Since the fall of 2012, U.S. District Court Judge Gonzalo Curiel has quietly presided over hundreds of cases from a spacious wood-paneled courtroom on the second floor of the federal courthouse in downtown San Diego, drawing little attention outside the tightknit federal legal community.
It’s a building that Curiel is familiar with, from his 13-year-long tenure as a narcotics prosecutor with the U.S. attorney’s office in San Diego, eventually rising to chief of the unit.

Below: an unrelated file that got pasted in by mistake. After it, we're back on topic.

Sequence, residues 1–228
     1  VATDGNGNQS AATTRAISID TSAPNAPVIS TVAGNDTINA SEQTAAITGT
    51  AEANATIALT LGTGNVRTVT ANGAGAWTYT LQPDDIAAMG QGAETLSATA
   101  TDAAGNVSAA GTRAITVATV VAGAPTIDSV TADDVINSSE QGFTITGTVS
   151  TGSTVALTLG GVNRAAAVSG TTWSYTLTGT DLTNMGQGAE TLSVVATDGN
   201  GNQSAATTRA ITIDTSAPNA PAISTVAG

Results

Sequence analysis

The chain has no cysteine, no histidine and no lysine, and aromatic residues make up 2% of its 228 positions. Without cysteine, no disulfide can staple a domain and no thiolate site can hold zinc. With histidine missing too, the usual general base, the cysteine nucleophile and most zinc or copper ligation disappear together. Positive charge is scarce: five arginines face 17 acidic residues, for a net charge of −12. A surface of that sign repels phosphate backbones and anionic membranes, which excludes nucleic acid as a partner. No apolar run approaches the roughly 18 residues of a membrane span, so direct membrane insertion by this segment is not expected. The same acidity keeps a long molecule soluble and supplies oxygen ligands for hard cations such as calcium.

There, from 1989 to 2002, he built a reputation as a tough, effective lawyer in charge of a special task force charged with dismantling the Arellano-Felix drug cartel — an assignment that earned him round-the-clock protection from the U.S. marshals service for a year while under a death threat from the cartel.
Now, Curiel finds himself facing a different kind of threat.
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